8 Types of Anxious Thinking
Jerry Kennard | Apr 25th 2014
When we are anxious we tend to process information differently. We tend to develop a certain bias towards situations and events we find stressful or anxiety-provoking, and this basic mechanism is so automatic we can’t really see it for what it is. Therapists often spend time pointing out such “cognitive errors” in an attempt help people see things in a more balanced way.
Catastrophizing is about things growing out of all proportion. Typically something like a small error or a mistake will be seen as having devastating consequences.
Filtering, sometimes called selective abstraction, is about disregarding evidence to the contrary. It’s about only seeing the bad but not the good, or highlighting personal weaknesses but not strengths.
This is a form of over-simplistic thinking in which events that have occurred to your disadvantage are viewed as a mirror of personal inadequacies. For example, when missing out on a promotion, the label you apply to yourself might be ‘because I’m useless’. This is just pointlessly beating yourself over the head. The fact that the job went to someone who was possibly better qualified is simply overlooked.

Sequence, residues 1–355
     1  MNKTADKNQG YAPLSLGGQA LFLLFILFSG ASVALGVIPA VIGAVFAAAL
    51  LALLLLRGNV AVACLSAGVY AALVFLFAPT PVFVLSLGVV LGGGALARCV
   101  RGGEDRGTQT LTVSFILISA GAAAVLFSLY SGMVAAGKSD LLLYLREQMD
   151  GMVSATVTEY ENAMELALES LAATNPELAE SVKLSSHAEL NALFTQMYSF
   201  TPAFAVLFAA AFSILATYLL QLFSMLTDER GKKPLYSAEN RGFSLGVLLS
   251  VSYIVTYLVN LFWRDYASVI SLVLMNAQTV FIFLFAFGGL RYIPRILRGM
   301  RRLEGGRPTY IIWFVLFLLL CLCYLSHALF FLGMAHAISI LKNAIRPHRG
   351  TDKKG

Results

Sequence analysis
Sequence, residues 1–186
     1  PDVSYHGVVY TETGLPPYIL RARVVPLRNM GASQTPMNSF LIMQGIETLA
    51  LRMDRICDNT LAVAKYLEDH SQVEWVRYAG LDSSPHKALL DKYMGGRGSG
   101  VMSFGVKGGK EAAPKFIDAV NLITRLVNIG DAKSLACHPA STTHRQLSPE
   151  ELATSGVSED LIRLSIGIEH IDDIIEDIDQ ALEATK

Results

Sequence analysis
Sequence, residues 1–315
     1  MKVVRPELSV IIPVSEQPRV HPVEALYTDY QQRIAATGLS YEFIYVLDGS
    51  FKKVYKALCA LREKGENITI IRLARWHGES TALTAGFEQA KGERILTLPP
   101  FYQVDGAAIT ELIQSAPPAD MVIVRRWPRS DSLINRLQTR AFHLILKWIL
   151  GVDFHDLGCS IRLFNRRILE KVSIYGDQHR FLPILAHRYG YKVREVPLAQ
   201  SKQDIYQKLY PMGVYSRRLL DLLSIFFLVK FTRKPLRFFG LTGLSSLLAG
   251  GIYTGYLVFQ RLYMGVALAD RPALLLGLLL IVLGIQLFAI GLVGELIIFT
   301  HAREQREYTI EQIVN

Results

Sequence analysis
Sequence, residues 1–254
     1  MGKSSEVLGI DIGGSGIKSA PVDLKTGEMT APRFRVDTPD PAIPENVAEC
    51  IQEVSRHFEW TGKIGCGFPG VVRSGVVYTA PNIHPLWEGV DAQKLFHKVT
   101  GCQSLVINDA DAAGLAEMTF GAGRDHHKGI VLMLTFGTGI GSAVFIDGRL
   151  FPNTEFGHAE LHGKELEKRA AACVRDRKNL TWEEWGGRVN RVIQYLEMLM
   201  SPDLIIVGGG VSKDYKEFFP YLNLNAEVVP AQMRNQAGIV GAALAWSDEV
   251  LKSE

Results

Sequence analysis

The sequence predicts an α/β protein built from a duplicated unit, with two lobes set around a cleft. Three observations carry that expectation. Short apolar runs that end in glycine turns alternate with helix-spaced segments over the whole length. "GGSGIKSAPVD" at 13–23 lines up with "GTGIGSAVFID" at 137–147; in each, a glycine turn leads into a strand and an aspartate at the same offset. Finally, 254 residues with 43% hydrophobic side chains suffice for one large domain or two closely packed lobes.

Overgeneralizing is about reading too much into situations. The fact you forgot something when shopping turns into proof you are a bad mother. You buy a present that is too big and it becomes evidence how useless you are at everything you try to do.
Mind reading is more of an issue in people who are socially anxious. You firmly believe you know what other people are thinking about you. You actually ‘know’ they are thinking bad thoughts. Of course the reality of the situation is you can’t possibly read the mind of another person. You are interpreting – and your thoughts are your own.
Black and white thinking
Black and white thinking is also common with low moods and depression. It’s a way of seeing things as all good or all bad. If something isn’t wonderful it must be terrible. The really unhelpful thing about black and white thinking is that very few things measure up to the ‘wonderful’ category, so quite a lot of time is spent thinking things are awful.
Fortune telling is that aspect of thinking where we imagine what might happen and then we respond emotionally as if it actually has happened.